‘Four Thousand Weeks,’ which at first appears to be a time management book, but in actuality is about humanity’s entire relationship with time itself, blew my mind. It definitely made me think about how I’m using my time. It also made me realize I was stressing myself out way too much over things I cannot control and that don’t ultimately matter much to my overall happiness and the structure of my life. So, I’ve decided to focus on things I enjoy for their own sake, and let go of the rest.
Writing and releasing books? Yes! But I’m not going to make myself an intricate schedule with expected completion/pub dates. And also not pay a lot of attention to how many I sell.
Blogging? Yes! But because I enjoy it not because I’m trying to ‘build a brand.’ (god help us)
Writing and sending out a newsletter. Yes! But not because it is a ‘sales funnel,’ but because I like connecting with people.
I can do all of these things because I enjoy them, not because they make me money. I realize that puts me in a position of immense privilege, but I refuse to feel guilty about that.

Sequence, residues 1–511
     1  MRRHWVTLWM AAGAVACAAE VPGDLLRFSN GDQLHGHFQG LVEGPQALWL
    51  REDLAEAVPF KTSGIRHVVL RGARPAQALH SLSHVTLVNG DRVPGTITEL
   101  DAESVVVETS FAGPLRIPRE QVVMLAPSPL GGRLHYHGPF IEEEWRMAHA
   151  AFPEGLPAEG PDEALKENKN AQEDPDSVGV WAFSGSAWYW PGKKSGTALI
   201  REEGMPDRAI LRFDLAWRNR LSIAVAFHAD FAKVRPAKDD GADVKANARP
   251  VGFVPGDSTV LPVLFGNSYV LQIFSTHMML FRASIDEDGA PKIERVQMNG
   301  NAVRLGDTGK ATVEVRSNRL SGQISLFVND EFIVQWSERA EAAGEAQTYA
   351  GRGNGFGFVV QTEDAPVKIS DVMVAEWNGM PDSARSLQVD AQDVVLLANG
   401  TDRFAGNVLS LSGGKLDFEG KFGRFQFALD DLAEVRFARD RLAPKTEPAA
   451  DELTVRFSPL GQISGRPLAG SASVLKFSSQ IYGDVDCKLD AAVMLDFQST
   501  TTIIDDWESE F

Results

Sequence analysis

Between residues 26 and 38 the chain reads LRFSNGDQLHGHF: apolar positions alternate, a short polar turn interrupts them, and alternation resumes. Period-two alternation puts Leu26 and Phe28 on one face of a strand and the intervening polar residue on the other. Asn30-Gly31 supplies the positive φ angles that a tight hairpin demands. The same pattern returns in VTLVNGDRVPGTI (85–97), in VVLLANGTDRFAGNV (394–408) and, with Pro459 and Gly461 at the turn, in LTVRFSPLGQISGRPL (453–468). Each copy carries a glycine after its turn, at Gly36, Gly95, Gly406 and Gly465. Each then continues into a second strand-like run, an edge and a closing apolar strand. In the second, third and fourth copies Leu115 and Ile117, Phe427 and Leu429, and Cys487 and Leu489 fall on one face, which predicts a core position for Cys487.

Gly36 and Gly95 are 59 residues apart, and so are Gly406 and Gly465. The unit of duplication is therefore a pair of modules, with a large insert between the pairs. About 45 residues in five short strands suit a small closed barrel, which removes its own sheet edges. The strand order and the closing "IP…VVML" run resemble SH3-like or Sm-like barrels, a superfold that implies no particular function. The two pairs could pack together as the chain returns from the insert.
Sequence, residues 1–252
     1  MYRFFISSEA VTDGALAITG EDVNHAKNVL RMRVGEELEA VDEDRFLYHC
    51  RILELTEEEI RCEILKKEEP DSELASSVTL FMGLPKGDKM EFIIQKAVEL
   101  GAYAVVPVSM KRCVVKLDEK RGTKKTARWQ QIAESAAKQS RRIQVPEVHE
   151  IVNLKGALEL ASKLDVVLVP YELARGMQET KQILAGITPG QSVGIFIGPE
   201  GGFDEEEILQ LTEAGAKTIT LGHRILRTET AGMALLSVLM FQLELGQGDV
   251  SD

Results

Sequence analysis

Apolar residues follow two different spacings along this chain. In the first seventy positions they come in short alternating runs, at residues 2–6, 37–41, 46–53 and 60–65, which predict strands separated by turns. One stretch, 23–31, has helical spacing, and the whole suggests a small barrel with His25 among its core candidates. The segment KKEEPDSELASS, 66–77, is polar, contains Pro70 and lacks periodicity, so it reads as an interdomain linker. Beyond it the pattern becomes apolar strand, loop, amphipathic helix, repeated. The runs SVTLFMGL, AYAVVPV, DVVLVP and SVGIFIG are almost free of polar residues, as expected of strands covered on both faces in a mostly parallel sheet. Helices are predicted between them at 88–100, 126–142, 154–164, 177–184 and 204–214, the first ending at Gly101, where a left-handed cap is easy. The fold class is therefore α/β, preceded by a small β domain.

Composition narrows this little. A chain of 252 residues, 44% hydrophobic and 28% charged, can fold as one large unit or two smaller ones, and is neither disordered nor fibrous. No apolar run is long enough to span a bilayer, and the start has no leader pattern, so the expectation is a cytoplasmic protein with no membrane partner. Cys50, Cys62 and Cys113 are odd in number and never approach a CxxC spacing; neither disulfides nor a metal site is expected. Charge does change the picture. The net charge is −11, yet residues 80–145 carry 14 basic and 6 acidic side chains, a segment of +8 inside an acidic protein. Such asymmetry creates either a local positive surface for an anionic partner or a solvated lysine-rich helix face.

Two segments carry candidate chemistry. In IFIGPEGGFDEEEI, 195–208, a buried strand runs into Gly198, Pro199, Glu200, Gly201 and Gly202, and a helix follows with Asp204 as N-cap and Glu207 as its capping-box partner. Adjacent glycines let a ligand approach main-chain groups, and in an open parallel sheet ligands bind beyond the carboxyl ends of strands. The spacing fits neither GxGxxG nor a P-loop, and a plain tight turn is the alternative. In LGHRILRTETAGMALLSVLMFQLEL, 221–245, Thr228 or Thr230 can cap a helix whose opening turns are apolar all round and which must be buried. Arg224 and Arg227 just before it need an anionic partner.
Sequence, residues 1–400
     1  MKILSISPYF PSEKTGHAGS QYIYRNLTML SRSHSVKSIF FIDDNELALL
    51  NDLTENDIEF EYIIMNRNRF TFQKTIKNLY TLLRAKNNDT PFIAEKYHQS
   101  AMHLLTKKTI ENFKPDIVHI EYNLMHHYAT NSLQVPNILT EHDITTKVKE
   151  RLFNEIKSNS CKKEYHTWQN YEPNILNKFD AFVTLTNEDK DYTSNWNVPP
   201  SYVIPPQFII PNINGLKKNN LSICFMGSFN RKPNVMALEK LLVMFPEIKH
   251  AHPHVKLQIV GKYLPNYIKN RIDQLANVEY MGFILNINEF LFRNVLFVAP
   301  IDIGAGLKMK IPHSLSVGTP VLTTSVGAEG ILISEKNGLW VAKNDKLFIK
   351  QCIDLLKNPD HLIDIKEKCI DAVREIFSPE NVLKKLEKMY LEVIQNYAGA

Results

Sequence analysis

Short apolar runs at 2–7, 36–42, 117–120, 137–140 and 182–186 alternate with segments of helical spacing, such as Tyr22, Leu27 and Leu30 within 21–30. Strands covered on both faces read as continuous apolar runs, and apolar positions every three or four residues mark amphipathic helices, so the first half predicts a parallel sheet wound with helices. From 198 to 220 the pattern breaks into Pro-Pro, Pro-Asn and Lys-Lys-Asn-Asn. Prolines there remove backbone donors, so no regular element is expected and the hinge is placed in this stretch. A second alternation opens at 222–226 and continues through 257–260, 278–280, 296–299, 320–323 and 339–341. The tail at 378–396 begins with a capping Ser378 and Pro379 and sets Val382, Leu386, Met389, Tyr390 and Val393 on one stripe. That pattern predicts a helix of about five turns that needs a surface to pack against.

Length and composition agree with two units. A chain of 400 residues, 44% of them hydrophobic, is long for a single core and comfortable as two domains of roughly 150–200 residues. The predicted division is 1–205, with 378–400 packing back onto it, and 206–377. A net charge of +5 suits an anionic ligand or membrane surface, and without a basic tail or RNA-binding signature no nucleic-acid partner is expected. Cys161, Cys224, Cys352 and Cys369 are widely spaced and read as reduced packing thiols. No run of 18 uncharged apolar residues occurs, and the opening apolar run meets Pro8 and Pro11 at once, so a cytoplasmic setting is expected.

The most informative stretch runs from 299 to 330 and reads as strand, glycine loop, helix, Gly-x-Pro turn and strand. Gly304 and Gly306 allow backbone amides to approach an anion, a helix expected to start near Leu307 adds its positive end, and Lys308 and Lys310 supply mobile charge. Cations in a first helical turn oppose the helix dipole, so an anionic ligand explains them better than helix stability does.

I can do all of these things the way I want to do them, without having to worry if it’s leading to greater success down the road. If I am not happy with my life right now, I will never be happy. No amount of success will ever be enough.
I will continue to give myself daily/weekly/monthly goals not because I need to ‘hustle’ but because I like having targets to shoot for and I get a sense of accomplishment when I hit them. The trick is to make it doable but not super easy, so it feels like an actual accomplishment but I also don’t stress out too much about it. Having these metrics actually enhances my enjoyment of my life.
I’m not going to waste my life working for a level of success that will never fulfill me. I’m getting off the treadmill. I’m going to live my life and write my weird little (or big) books in peace. If people like them, yay! If they’re used against me in a competency hearing? I guess that’s fine too.
anyway, I highly recommend ‘Four Thousand Weeks: Time Management for Mortals’ by Oliver Burkeman. I read it in one day and it may have changed my life.